After hugs of greeting and surprise at the great time we made driving up, we talked briefly about family, dinner, and then our plans for the next day. In order to get the kids to go along so easily I had to bribe them with a visit to the Statue of Liberty. My four-year-old son called it the Statue of Levity and couldn’t wait to go. As we sat around discussing plans, I cheerfully asked who was going to go with us. Molly said she would be at the dentist and had other appointments through the day. Milt immediately said no, not even waiting for Molly to finish listing her excuses.
“You mean no one will go with us?” I was beginning to panic (again). There was no way out of this one. I had promised the kids and of course they just had to go by subway, otherwise known (at least to me) as the underground-snake-maze from hell, which devours innocent country people like us. I was trapped.
Milt and Molly told us where to go and when to transfer. Transfer? Oh great, the snake pit maze was going to swallow us whole and we’d never come out again except as raving mad people, with torn clothes, matted hair, and drooling.
“Then what, Milt? I didn’t hear what you said, you’re not sure of the stop? Not sure of the stop?”
Could it get any worse?
“You mean I’ll have to look at a map, which I won’t understand because they’re all written in a foreign language, so then I’ll have to ask a New Yorker who will sneer at me and he’ll speak so fast that if I ask him to repeat the answer he’ll knife me?”
“Bowling Green, Molly? What’s that? You mean the subway doesn’t go right to the ferry and we’ll have to walk through Battery Park,” (major freak out), “with the kids?”
Swallowing became an audible event and my heart quickly sank into my stomach. “Is there any other way?” I asked hopefully.
“Sure the bus on Broadway goes right there.”
“You’re kidding,” (visible relief). “Did you hear that, kids? We’ll be able to see everything – above ground!”
“We want the train – we want the train!”
Milt and Molly were already discussing eggplant lasagna at Ray’s for dinner while I slid deeply into my chair wondering if I could feign some illness like irreversible brain damage. I ate lightly and decided this looked just like the kind of fear that needed to be faced head-on. Okay, I’ll do it, I thought, and if we wind up in Newark then I’ll never have to mow the lawn again. Sounds good to me, I told myself and made the deal.
The next morning I asked again – just to make sure. “No.” was the simultaneous answer. The directions were repeated for the emotionally handicapped, the front door opened, and there it was, the kind of concrete nightmares were made of. “Bus, right, guys?”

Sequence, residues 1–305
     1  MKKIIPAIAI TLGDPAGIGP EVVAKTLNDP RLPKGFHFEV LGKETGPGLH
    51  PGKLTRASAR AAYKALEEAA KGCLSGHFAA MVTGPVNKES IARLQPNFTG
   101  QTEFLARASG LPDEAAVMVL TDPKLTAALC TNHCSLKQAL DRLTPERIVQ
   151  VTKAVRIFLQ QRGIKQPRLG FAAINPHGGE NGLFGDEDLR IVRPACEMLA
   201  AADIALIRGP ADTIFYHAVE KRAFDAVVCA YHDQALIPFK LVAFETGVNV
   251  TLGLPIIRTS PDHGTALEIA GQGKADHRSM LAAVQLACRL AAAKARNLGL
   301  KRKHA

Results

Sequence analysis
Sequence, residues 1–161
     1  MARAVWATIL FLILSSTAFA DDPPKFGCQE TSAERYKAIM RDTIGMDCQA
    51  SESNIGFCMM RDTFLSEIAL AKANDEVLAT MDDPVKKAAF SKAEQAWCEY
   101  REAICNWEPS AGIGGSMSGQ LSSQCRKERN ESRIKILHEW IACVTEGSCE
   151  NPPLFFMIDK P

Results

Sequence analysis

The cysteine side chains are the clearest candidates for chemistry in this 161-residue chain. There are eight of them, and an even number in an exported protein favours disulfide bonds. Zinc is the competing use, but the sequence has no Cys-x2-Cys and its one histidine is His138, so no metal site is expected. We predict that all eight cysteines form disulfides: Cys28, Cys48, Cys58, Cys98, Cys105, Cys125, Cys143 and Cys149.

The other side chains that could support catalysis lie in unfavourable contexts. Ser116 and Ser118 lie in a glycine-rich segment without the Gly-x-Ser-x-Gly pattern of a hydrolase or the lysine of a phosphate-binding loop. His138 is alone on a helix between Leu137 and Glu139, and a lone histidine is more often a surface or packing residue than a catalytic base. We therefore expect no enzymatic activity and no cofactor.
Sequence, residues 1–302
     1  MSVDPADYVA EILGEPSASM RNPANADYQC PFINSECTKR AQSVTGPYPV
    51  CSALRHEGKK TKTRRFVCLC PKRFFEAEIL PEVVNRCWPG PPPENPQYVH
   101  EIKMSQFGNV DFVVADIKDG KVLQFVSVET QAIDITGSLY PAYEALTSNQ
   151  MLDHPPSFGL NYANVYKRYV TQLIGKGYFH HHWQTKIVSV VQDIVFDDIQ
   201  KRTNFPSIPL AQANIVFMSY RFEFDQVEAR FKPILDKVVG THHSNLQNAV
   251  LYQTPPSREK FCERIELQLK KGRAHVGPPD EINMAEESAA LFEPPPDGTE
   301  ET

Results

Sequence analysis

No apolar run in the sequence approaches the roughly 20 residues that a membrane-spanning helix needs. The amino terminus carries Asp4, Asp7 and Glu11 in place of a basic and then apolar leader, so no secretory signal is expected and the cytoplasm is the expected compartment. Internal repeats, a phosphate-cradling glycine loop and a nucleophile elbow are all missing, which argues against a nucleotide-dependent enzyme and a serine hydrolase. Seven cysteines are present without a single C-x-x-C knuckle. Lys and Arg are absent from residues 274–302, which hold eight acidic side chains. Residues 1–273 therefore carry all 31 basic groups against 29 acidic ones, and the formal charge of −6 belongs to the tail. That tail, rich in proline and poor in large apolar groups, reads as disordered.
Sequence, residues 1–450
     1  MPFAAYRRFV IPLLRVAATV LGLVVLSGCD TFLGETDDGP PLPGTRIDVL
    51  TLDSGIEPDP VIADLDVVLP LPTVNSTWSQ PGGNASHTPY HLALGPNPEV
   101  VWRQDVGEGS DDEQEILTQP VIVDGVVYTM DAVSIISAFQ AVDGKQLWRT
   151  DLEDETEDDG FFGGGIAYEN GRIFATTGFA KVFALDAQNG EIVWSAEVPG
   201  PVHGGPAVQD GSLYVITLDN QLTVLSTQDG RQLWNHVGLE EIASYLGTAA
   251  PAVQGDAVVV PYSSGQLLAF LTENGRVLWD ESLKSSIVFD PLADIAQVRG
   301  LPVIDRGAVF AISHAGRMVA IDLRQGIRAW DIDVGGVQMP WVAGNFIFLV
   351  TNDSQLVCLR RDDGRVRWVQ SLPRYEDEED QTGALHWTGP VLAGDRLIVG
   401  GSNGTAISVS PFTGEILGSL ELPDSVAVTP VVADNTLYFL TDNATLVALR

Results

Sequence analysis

“We want the train, we want the train.”
I don’t know what happened, there must have been some happy gas sprayed in the tunnels the night before. The token man smiled and a lady showed us where to transfer and in Bowling Green, the sky was blue and the sun was still shining, as it had been when we started.
I was beginning to get the hang of this: adult; two legs; two eyes; most of a brain. Hey, no problem, I could do this in daylight. Did it matter that my daughter complained she had no more circulation in the hand I was holding?
The Statue of Levity was filled with people like myself, that really did speak a foreign language and I was ready to help if asked.
“Okay, guys, you’ve seen the statue, now let’s go explore!”
“Can’t we just go back to Uncle Milt and Aunt Molly’s?”
“Sure, let’s take a different uptown train.”
“We want to take a cab.”
“Forget it; it’s cheaper to take the subway.”
Did I just say that? I went through the bowels of the city and came through unscathed and, in fact, feeling more confident than I had in years.
Back at the apartment, the sun was setting on a beautiful summer day in the most exciting city in the world. I grew up around here you know. I know the city pretty well, I walked the length of it once, years ago and in the middle of the night…yeah, I used to hang out in Washington Square Park and St. Marks place, back in the late ’60s. We were up in Harlem once and…
It’s amazing how I’d finally grown up enough to be as independent as I had been 30 years ago.
Penny Ross Burk is an artist/writer living in the Northern Virginia area. She has worked for many years in the film and TV industry which serves to keep her art alive.